Ever since I learnt this word, I have adored it. On many occasions, I have found something beautiful whenever I have been chasing something that was equally futile or pointless. Something of that sort happened last Saturday.
What was I searching for? Don’t ask me.
I write here about what I found.
When I entered the first floor of the Chitra Kala Parishat , I was stopped by three aloof ladies who were sitting on the staircase and leisurely tying a garland. They casually shot some commands at me.
ಬ್ಯಾಗ್ ಒಳಗಡೆ ತರೋ ಹಾಗಿಲ್ಲ ( You are not allowed to bring in the bags)
ಅಲ್ಲಿ ಟೇಬಲ್ ಮೇಲೆ ಇಟ್ಟು ಬರಬೇಕು . (Keep it on the table over there)
ಟಿಕೆಟ್ ಇದ್ಯಾ ? (Have you bought the ticket)
I mumbled brief answers and kept the bag on the table as instructed.
One might expect that an art gallery with such a fine collection would be maintained by an erudite staff well versed in artistic thought. However, the caretakers of these treasures were ordinary people who were too busy with daily struggles of existence. Too busy to ponder over the difference between abstraction and fine art. The stark contrast between the aura of the hall and the aloofness of the housekeeping staff was something that could not be ignored.
The paintings that hung on the walls of the first room (called Kejriwal Gallery) belonged to the 19th and 20th centuries. They were mostly the creations of Bengali artists. Most of the paintings had no boundaries or clear motives. It was as if someone had decided to splash some colors on a moody afternoon and assigned a title for each of them on a drunk Friday night. One cannot deny the fact that these are the kind of paintings that leave an impression on you.
In our failed attempt to make sense out of abstraction we do feel slightly dissatisfied with our own intellect. After a couple of minutes we give up on it and move on. This is not very different from the act of pondering about life and the outrageous things that happen in the world every day. We attempt to debate, interpret, and discuss the causes and solutions. But in the end, the world is an enigma. It is not possible to have a definitive handbook to understand this world.
Nevertheless, some attempts to know more about the artists and the art were made. I ended up on the Chitra Kala Parishat website and found that this collection was donated by a certain gentleman named Mr. H.K. Kejriwal. Unfortunately this surname has been associated with the lunatic CM of Delhi in recent times. The website says:
Gallery one and two of the Kejriwal collection hold an extensive number of works dating from the 1800’s to the 1950’s. Works by the Bengal school of artists, the Avant Garde and folk paintings are the highlight of these two spaces. The folk paintings, Kalighat drawings, Santhal Pat (scrolls) and Patta Chitra rolls are housed in gallery one. Also there is a collection of caricatures by Gaganendranath Tagore. This gallery holds work that is distinctive of the Nationalist art movement.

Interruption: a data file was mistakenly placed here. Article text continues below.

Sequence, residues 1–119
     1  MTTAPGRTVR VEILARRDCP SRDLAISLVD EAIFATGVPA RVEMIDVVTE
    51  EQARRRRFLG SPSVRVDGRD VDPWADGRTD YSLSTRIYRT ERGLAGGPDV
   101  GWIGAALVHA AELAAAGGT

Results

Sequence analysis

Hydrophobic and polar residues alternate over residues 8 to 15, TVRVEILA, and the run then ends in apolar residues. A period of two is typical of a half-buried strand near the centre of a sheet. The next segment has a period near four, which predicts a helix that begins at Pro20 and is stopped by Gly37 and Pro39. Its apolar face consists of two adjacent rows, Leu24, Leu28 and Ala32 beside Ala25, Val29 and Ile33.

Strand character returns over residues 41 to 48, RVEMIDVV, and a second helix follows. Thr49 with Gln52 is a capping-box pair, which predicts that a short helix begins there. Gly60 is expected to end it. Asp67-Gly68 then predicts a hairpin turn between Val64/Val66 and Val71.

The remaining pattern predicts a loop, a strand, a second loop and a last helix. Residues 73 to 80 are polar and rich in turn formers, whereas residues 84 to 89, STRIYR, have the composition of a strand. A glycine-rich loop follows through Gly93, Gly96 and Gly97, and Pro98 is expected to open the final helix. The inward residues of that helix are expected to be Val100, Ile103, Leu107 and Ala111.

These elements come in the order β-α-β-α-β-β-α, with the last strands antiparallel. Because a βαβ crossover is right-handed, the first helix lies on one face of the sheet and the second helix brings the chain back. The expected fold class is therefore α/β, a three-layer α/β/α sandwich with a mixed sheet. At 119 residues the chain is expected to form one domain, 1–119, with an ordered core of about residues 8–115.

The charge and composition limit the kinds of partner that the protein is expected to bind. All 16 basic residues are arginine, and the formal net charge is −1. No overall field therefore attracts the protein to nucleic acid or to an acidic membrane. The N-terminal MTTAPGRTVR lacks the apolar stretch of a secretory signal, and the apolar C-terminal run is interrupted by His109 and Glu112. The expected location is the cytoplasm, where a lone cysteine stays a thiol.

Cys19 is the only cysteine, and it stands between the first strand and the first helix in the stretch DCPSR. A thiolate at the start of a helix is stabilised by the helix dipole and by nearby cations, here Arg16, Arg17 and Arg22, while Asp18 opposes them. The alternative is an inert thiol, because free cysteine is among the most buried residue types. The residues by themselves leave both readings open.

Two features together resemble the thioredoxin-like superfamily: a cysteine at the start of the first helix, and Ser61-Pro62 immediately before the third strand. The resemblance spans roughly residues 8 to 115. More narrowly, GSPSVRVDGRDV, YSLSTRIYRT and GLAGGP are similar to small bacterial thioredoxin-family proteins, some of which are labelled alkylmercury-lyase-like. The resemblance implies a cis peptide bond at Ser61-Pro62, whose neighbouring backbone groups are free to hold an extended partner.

Abstraction might frustrate our faculties, but fine art delights and entertains the eyes of a normal person. One does not have to be a degenerated philosopher to interpret fine art. The proportions, perfection and grandeur of a portrait or landscape is something that the ordinary eye can appreciate instinctively. You have to be a mad man if you can’t appreciate fine art.
The next room was filled with paintings of a certain artist called SS Kukke. His paintings of famous temples in India filled the room that preceded a collection from the Mysore school of art.The Mysore school of art describes nuggets of mythology like ten avatars of Lord Vishnu or feats of the goddess Chamundeshwari. An art critic might be able to provide a more detailed and erudite summary of the same. I can only say that they are beautiful without doubt.
I must confess that I skimmed through a couple of foyers as I could neither understand or appreciate some sculptures and paintings. And yes, I had to keep a check on the time since I had a German class to attend.
The third delightful room I entered was the Roerich gallery. Dr Svetoslav Roerich decided to donate about 300 paintings to Chitra Kala Parishat in the 1990s. The Chitra kala Parishat took an equally delightful decision to put them on display in the gallery permanently. The website says
The word Roerich means ‘Rich in glory’, and true to this Dr. Svetoslav Roerich has enriched the Indian art world with his artworks.
Mr Roerich seems to have mastered both portraits and landscapes. For me, the most beautiful painting in the room was that of Devika Rani, an actress who was also the grandniece of Rabindranath Tagore (whom Roerich married eventually). I need not underscore the fact that she is one of the finest examples of art created by nature.
I also learnt that Mr Roerich was awarded the Padma Bhushan during his lifetime. The artist lived in Bangalore for a long time and died here in 1993. His Wikipedia page doesn’t explain how he ended up in India,but it claims his paintings of Nehru and Indira Gandhi adorn the central hall of the parliament.
I could have easily spent few more hours in the museum, gaping at these exquisite strokes of artists whom the mainstream has either forgotten or ignored. I left the place with some thoughts about the importance of abstraction and fine art.
For an individual to have a healthy perspective about things, both abstraction and the fine print are equally important. While the former is hazy in comparison with the latter, the two complement each other in the long run. When you look at the larger picture of life (or anything for that matter), it is abstract. You can’t put a finger on it and say this is the definitive purpose or definition of life. However, some days, few moments, certain memorable gestures, acts and words that one might say or hear can be like a work of fine art.
Another mocking voice inside me chuckled sarcastically at my attempt to give a philosophical twist to the whole episode.